3 From words to algebra to words
One of the difficult ideas in word problems is about translating the words into algebra and algebra into words. There are two parts to the next activity. The first part gives your students the opportunity to practise matching words and algebraic expressions and vice versa in an enjoyable way. The second part asks the students to make their own word problems from some algebraic equations.
Activity 2: Words and algebra
Part A: Flash cards
Make flash cards in two different colours (or with different shading, as in Figure 3). Leave one side of the flash card plain so that the students can write on that side. On the green cards, write an arithmetic statement in English (or the language of instruction followed in your school). On the orange cards, write the corresponding statement using mathematical symbols and operations. Make the cards relevant to the kinds of work that your students are engaged with. This could be trigonometry, circles or any other aspect of mathematics – see the examples in Figure 3.
|5 more than x||5 less than x||x less than 5||5 times x|
|x + 5||x – 5||5 – x||5x|
|Quotient of 5 and x||Quotient of x and 5||5 by x||x by 5|
|Sum of 5 and x||Difference between 5 and x||Product of 5 and x||5 raised to x|
|5 + x||½5 – x½||5x||5x|
|x raised to 5||5 squared||5 more than 5 times x||Ratio of 5 and 5 more than x|
|x5||52||5x + 5||5/(x + 5)|
FootnotesFigure 3 Words and algebra flashcards.
If you have 30 students in your class, you will need 15 pairs of cards.
Randomly distribute the cards to the students. Tell your students to find the student who has the card that completes your pair.
Part B: Writing own word problems
Modify the following equations to make them relevant to your class and write them on the blackboard:
- y = 3x
- x + y = 150
- 3x – y = 22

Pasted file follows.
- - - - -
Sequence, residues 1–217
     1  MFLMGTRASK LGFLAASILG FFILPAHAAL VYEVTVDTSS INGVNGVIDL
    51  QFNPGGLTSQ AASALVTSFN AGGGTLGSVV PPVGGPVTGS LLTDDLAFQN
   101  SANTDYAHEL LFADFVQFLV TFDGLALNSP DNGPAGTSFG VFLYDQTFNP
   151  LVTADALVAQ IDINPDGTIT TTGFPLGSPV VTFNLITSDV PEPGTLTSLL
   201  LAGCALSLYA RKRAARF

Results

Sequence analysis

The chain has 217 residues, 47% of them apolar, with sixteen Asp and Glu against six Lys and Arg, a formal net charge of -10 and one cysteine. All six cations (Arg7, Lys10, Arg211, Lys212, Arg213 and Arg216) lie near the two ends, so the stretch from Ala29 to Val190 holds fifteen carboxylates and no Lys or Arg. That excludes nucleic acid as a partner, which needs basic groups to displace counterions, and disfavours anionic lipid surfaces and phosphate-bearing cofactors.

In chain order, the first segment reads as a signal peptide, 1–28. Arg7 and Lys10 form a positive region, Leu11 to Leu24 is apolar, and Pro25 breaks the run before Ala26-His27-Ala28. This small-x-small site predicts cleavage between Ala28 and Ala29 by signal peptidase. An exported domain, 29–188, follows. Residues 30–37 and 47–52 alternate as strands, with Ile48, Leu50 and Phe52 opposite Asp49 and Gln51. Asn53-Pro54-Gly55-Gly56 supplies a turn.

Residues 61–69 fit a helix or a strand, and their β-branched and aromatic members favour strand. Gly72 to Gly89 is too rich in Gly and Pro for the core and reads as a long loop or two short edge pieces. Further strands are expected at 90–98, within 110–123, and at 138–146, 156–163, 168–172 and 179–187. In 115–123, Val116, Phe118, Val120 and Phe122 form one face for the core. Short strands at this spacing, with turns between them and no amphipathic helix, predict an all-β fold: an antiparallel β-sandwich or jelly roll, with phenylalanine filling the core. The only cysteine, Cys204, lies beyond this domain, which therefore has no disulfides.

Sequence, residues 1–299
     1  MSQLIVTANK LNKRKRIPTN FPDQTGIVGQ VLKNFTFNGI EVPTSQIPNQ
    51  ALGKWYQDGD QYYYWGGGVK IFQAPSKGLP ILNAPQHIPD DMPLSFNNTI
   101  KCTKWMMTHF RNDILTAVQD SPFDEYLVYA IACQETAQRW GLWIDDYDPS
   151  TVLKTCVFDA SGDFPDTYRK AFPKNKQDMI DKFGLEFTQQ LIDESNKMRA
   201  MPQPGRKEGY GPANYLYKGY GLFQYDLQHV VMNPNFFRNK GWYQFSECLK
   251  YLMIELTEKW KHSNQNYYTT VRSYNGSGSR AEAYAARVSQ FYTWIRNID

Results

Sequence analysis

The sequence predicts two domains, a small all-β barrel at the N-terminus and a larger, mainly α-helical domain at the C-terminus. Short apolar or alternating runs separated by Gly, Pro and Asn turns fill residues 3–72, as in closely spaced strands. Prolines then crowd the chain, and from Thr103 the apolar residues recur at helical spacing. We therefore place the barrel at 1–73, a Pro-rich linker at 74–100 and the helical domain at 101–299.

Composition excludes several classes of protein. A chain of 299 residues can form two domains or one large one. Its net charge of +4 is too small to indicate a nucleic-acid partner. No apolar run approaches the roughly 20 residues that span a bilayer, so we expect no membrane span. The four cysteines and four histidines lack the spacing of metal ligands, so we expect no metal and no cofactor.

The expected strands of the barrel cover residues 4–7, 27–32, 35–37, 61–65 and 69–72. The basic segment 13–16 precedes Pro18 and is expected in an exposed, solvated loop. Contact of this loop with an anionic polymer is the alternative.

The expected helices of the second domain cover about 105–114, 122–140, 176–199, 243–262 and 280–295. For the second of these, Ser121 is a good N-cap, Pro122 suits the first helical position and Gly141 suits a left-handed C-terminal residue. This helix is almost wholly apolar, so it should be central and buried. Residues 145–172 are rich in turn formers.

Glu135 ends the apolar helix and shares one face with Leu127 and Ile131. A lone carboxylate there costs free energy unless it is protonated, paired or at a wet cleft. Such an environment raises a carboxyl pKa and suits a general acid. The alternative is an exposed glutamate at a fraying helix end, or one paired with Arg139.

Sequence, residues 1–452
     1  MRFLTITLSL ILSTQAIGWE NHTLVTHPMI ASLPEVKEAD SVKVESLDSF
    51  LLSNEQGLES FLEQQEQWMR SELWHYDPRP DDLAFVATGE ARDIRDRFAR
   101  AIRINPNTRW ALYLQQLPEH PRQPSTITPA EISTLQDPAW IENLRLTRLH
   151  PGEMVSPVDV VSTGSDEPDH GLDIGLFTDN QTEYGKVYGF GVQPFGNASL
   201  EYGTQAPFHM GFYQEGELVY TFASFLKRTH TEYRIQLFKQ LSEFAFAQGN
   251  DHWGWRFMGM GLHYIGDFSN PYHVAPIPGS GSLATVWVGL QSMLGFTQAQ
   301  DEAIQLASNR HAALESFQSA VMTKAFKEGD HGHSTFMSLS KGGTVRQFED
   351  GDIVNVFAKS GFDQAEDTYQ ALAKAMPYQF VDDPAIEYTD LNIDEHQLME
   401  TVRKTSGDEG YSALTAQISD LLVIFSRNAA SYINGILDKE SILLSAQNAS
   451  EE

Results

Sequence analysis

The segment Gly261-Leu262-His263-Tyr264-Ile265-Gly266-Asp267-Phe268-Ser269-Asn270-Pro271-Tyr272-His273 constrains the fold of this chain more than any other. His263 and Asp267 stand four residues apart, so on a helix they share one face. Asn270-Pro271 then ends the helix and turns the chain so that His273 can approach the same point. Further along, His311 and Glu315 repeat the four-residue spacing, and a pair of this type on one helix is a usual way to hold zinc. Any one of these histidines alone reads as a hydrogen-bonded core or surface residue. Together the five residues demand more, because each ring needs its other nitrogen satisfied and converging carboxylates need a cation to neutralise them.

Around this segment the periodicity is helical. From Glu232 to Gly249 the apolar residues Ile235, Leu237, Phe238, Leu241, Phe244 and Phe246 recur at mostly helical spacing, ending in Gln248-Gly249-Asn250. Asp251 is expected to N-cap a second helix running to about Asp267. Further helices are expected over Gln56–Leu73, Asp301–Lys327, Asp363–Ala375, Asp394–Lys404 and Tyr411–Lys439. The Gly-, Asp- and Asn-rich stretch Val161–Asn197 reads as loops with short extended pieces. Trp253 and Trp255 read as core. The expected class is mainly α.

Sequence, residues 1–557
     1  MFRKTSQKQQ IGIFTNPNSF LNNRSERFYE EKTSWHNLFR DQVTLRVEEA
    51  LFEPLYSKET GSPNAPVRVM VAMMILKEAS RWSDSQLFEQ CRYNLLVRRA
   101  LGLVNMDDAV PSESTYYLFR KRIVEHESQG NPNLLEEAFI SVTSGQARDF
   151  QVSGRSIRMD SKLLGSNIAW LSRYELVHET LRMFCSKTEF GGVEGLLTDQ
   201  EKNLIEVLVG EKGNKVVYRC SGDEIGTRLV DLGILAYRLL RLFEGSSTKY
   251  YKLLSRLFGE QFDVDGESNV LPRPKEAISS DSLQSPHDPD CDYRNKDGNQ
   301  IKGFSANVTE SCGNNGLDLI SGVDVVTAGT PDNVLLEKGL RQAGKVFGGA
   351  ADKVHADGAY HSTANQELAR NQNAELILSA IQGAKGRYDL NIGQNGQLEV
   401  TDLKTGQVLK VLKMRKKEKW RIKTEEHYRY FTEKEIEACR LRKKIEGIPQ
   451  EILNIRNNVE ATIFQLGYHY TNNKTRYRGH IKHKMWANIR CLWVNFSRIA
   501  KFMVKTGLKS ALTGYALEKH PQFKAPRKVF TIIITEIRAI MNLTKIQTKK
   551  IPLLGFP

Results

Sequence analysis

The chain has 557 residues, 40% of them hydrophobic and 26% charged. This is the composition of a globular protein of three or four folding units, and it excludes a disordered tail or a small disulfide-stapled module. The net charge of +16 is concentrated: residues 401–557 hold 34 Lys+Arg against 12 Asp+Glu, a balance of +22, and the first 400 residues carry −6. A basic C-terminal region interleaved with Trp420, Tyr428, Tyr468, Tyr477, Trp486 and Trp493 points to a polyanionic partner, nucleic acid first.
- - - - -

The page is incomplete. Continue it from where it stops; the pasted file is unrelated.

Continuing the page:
- 2x + 3y = 88
- A = 16p
- 32 = x(y + 2)
Tell your students the following:
- For each equation, write as many context-based word problems as you can. For example, for the equation y = 3x you could write ‘Kavita’s feet are three times as long as her baby brother’s’.
- Which equations did your students find writing word problems for the most difficult? Why do you think this was?
- For each equation, which one of your word problems was most realistic? Why? Can you try to make the other word problems more realistic?
At the end of the activity, ask your students to select the most interesting word problems for each equation and display them on the classroom wall.
You may also want to have a look at the key resource ‘’.
Case Study 2: Mrs Chakrakodi reflects on using Activity 2
My students had enjoyed using Activity 1 and their confidence was growing, but they still had difficulties writing down the algebra for ideas such as ‘She still had Rs. 150’ in the problem that we did together. Therefore, I decided to use the cards from Activity 2 and made up some more.
There were 64 students in my class, so I formed 32 pairs so that everyone had a partner. I took the students outside to the playground so they would have space to find each other. There was a lot of noise while they moved about trying to find their pair, but it was over quickly. Once they had all paired up, I got them to sit down and work together on two context-based word problems equivalent to the algebra on their cards, which they wrote on the back of their cards. Each pair then joined another pair and gave one another their context-based word problems to write the mathematical phrase in their mother tongue and then to write the algebra. When the students disagreed about anything, we discussed the ideas as a class and then I asked for some ‘really good’ word problems to share with the class.
Everyone seemed to get a lot out of using this idea. They had people to ask if they were not sure and they all heard and worked with lots of examples connecting algebra with words and with contexts.
For Part B, I asked the students to continue to work in the groups of four that they had formed earlier and to write at least four problems for each equation. When each group had come up with something for at least four equations, I stopped their working. At this point some of the groups had finished all the problems and I realised perhaps I should have had some more problems for the more mathematically confident students.
Then I used the follow-up questions in a class discussion. Asking ‘Which was most difficult and why?’ meant that the students had to think about their thinking – that is called ‘metacognition’, I think. Asking them to take this overview also meant I became more aware of what they found difficult and therefore where more practice would be needed; for this class it was using brackets. The question about whether they were realistic or not was also useful, I felt. They had to think about what they could model with this level of mathematics and saw why word problems can be unrealistic at times.
Pause for thought